typedef and #define are commonly used in C\C++. Below are some of the difference and similarity between them

  • typedef is used to give data type a new name. #define is a C\C++ directive which is used to define alias.
// BYTE can be used in place of unsifned char
typedef unsigned char BYTE;

// HYD is replaced by "Hyderabad"
define HYD "Hyderabad"
  • typedef interpretation is performed by the compiler where #define statements are performed by preprocessor.
  • define should not be terminated with semicolon, but typedef should be terminated with semicolon.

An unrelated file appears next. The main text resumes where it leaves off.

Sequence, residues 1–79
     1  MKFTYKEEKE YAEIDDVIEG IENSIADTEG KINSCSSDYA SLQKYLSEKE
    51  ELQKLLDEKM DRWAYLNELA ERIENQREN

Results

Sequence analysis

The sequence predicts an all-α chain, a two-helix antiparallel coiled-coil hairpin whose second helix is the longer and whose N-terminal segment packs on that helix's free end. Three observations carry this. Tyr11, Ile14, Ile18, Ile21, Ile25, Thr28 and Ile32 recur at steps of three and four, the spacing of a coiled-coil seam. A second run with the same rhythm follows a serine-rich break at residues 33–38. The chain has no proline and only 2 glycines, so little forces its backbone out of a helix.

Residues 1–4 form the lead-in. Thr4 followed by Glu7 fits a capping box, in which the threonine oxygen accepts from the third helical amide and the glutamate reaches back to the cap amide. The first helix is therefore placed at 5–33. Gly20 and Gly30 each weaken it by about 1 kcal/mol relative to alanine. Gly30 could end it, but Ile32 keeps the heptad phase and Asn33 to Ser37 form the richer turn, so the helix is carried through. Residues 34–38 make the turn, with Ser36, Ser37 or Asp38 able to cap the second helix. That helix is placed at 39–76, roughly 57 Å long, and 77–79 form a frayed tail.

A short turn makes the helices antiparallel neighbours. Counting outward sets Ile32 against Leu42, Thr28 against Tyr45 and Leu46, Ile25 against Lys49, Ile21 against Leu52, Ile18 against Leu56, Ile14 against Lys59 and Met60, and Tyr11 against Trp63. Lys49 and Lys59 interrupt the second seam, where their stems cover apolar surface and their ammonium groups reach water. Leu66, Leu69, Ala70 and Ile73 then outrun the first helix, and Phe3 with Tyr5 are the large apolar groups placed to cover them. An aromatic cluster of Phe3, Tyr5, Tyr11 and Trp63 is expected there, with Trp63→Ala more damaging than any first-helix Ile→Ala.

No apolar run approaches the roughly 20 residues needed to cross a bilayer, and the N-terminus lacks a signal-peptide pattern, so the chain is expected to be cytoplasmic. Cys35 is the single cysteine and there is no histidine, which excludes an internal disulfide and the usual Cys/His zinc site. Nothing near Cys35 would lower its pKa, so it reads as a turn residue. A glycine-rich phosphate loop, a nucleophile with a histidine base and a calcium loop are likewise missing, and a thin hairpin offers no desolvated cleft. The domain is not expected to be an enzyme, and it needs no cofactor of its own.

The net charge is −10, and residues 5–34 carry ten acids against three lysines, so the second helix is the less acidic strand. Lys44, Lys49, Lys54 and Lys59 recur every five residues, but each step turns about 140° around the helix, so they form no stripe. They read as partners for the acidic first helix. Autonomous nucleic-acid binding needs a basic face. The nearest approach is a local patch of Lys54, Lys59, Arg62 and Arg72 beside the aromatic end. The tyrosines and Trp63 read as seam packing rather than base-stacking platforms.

• typedef follows the scope rule which means if a new type is defined in a scope (inside a function), then the new type name will only be visible till the scope is there. In case of #define, when preprocessor encounters #define, it replaces all the occurrences, after that (No scope rule is followed).
  • Some things can be done with typedef that cannot be done with define.
// a, b, c are all int pointers
typedef int* int_p1;
int_p1 a, b, c;  

// only the first is a pointer, because int_p2 is replaced with int*, 
// producing: int* a, b, c which should be read as: int *a, b, c
#define int_p2 int*
int_p2 a, b, c;